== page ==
City considers more options for sidewalk
New engineering firm consulted
By Bert Lehman
In an effort to move the Ninth Street sidewalk project forward, the city of Clintonville has contacted a different engineering firm and is exploring different repair options.
City Administrator Chuck Kell informed the Clintonville City Council that he received a letter from MSA Professional Services shortly before the start of the April 11 council meeting.
The letter explained why the bids came in high to fix the Ninth Street sidewalk situation.
“Basically that letter says that the reasons for associate high construction figures that we got on the initial bids for replacement was because typically vaulted projects are done as part of the street reconstruction project,” Kell said. “In this case it was a standalone project that wasn’t involving a total street reconstruction.”
Kell said the letter also stated that if the city is willing to keep the vaulted sidewalk in place, MSA requested to seek pricing to stabilize and waterproof the concrete sidewalk and the reinforcing steel that is in the sidewalk. The letter indicated that MSA had already contacted experts to take a look at Clintonville’s situation.
An itemized breakdown of the initial bids, which the city had requested, still hadn’t been supplied to the city from MSA, Kell said.
Kell added that his opinion is that MSA offered this solution because the city’s staff pointed them to it. Just as he informed the Street Committee a week prior, he told the council the city approached another engineering firm in an effort to find a cost-effective solution.
This engineering firm, Martenson & Eisele, Inc. of Menasha, consulted with a large construction firm that performs parking ramp rehabilitations, which involves concrete falling. The council was presented a proposal from Martenson & Eisele, which would include having the construction firm look at the Ninth Street vaulted sidewalk in Clintonville. This inspection would help determine if the sidewalk could be repaired with it remaining a vaulted sidewalk. It would also help determine the cost of those repairs.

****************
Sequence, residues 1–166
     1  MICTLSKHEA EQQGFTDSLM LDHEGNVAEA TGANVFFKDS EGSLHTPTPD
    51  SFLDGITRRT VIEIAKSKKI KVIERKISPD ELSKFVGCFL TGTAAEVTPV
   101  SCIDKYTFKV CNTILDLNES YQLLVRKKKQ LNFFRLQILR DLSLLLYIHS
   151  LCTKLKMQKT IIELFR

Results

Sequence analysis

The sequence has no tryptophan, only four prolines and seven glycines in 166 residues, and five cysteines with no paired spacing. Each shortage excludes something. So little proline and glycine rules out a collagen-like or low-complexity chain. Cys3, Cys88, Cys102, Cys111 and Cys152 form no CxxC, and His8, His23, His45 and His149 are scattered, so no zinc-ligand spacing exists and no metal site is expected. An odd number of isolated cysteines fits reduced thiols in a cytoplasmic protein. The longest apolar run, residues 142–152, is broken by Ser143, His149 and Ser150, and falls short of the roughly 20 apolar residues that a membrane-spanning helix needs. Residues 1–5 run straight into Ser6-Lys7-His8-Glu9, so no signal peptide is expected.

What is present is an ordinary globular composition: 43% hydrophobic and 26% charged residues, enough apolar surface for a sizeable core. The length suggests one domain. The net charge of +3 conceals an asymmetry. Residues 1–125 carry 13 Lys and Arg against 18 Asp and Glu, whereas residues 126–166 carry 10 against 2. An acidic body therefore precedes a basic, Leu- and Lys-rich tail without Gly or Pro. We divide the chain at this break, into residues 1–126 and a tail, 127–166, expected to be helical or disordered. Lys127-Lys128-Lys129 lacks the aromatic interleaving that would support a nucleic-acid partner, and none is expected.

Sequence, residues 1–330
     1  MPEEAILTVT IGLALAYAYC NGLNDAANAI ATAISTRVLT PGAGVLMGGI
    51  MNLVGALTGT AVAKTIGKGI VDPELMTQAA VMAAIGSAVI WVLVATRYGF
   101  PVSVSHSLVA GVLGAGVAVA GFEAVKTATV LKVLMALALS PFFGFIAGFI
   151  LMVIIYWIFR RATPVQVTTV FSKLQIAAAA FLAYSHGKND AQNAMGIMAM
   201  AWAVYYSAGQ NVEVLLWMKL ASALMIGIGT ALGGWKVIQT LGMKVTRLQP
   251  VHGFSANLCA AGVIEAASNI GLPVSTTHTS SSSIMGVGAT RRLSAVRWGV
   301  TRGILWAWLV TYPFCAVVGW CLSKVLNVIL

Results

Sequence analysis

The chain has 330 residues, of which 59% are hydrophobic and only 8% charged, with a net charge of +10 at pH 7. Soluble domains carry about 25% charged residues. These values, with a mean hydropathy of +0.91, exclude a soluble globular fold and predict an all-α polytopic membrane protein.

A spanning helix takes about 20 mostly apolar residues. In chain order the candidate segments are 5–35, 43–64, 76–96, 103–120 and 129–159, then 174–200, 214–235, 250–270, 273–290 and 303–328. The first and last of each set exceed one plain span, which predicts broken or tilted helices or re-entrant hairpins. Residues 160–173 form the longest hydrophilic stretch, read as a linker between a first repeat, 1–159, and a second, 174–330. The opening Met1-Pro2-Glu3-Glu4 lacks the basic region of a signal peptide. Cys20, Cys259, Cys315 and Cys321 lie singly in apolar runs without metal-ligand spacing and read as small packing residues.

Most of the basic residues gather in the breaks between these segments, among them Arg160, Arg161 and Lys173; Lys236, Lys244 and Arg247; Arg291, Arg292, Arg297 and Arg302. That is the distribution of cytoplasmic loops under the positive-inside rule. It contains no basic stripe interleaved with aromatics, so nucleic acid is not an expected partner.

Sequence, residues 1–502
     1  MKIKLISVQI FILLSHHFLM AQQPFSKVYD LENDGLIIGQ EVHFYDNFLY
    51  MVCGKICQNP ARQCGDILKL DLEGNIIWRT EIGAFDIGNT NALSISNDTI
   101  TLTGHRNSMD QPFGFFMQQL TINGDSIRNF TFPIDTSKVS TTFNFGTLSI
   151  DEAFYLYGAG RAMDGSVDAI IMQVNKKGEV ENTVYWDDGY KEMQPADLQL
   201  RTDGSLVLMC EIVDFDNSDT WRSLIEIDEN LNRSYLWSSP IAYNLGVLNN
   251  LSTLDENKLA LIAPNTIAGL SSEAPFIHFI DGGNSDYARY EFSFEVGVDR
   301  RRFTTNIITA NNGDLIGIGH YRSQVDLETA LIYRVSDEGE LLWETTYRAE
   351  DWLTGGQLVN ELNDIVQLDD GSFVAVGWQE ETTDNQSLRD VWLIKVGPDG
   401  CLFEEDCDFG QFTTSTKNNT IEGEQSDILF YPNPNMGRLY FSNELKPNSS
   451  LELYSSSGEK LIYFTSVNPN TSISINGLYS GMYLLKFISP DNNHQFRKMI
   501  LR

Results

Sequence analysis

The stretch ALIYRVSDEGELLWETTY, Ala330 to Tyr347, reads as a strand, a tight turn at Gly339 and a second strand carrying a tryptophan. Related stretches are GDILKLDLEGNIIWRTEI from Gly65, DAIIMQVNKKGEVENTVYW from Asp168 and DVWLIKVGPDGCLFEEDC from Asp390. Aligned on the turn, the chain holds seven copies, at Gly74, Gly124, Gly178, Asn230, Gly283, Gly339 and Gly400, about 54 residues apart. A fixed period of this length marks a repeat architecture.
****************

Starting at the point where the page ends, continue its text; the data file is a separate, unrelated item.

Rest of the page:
The entire proposal had a cost of $7,400, but Kell told the council he wasn’t in favor of approving the entire proposal because part of the proposal duplicates steps the city has already taken. Instead, he recommended approving engineering feasibility of the project, which would include city representatives meeting with the construction firm. This would cost $700.
If the project was deemed to be feasible and the city wanted to proceed, then the city would move forward with final documents and estimates, which would cost $1,400.
After those two steps are completed, he recommended bringing it back to the council to decide on the direction to take.
Kell recommended the council approve contracting with Martenson & Eisele, but he wouldn’t sign any contracts for about a week. This would allow him time to discuss the situation with MSA to see if they had a viable and cost-effective solution.
If the city ultimately contracts with Martenson & Eisele, Kell said the company would have a quick turnaround time to do the feasibility study.
Kell pointed out that keeping the Ninth Street sidewalk a vaulted sidewalk might not be a long-term solution.
“It might be something that buys us 10-15 years,” Kell said.
There may also be additional costs to keep MSA working on a different solution, which would involve obtaining new bids, Kell said.
“They delivered on what they said they would deliver under their initial contract,” Kell said. “It’s just it wasn’t acceptable to the city because of the cost.”
The council unanimously approved contracting with Martenson & Eisele with the total cost not to exceed $2,100, with the funds to come from the surplus of the Maize Street reconstruction project.